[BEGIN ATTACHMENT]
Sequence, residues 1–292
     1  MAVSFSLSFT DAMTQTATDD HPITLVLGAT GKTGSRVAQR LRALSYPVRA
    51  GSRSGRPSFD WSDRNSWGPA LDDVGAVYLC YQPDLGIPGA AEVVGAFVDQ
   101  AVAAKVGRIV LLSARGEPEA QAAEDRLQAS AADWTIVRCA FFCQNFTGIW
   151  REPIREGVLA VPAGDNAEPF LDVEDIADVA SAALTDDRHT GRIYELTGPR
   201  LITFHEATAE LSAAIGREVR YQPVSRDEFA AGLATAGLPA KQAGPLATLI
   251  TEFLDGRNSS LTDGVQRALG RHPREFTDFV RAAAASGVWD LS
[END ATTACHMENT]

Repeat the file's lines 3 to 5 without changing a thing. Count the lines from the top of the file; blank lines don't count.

    51  GSRSGRPSFD WSDRNSWGPA LDDVGAVYLC YQPDLGIPGA AEVVGAFVDQ
   101  AVAAKVGRIV LLSARGEPEA QAAEDRLQAS AADWTIVRCA FFCQNFTGIW
   151  REPIREGVLA VPAGDNAEPF LDVEDIADVA SAALTDDRHT GRIYELTGPR